Understanding the deductible
The deductible is the amount of loss from a comprehensive or collision claim that you must pay. It's like a copay on health insurance.
The most common deductible for both comprehension and collision insurance is $500, but you can increase or decrease this when you purchase the insurance policy.
If you want a smaller deductible, you'll have to pay higher premiums.
If you choose a larger deductible, your premiums will go down.
Buying back a totaled car
If you have an older car, the cost to repair even minor damage can be greater than the vehicle's value.
If you love your old car and you want to pay for repairs yourself, you may be able to keep it by electing to retain salvage. Inform your insurer of your decision as soon as possible because once the car goes to auction for salvage, you probably won't be able to buy it back.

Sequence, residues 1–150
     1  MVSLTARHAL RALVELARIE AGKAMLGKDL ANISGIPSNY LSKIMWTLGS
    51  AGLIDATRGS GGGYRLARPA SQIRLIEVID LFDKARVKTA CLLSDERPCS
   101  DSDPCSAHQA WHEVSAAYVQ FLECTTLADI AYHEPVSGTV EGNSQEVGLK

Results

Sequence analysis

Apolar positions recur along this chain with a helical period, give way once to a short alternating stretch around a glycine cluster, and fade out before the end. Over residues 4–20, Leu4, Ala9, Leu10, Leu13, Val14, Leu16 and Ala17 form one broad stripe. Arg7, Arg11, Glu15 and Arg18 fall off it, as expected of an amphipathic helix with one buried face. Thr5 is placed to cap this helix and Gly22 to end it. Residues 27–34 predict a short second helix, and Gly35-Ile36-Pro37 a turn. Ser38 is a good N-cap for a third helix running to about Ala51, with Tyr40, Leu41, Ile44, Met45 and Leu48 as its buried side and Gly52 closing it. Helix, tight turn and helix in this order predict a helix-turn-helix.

Your insurer pays you the car's actual cash value after subtracting the deductible and the amount the car would've bought at the salvage yard. They also may report the vehicle's VIN to a federal database so that future buyers will know that it has been salvaged.
Appealing your total loss settlement figure
Going to court over a totaled vehicle isn't likely, but if you know how the claims process works, you'll have that option. If you are not happy with your settlement, you may be able to negotiate with the agent by explaining that you are prepared to go to arbitration.